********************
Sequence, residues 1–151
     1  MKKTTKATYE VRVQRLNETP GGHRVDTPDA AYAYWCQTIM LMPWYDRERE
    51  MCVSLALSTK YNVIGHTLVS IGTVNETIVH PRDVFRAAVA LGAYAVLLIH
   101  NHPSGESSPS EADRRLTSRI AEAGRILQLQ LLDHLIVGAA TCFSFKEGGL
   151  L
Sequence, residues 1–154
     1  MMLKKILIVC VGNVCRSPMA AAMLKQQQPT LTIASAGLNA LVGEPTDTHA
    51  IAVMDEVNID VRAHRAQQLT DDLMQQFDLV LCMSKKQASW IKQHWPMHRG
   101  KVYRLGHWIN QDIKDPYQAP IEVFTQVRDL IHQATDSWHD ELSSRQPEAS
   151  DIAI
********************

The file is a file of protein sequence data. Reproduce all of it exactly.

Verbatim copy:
Sequence, residues 1–151
     1  MKKTTKATYE VRVQRLNETP GGHRVDTPDA AYAYWCQTIM LMPWYDRERE
    51  MCVSLALSTK YNVIGHTLVS IGTVNETIVH PRDVFRAAVA LGAYAVLLIH
   101  NHPSGESSPS EADRRLTSRI AEAGRILQLQ LLDHLIVGAA TCFSFKEGGL
   151  L
Sequence, residues 1–154
     1  MMLKKILIVC VGNVCRSPMA AAMLKQQQPT LTIASAGLNA LVGEPTDTHA
    51  IAVMDEVNID VRAHRAQQLT DDLMQQFDLV LCMSKKQASW IKQHWPMHRG
   101  KVYRLGHWIN QDIKDPYQAP IEVFTQVRDL IHQATDSWHD ELSSRQPEAS
   151  DIAI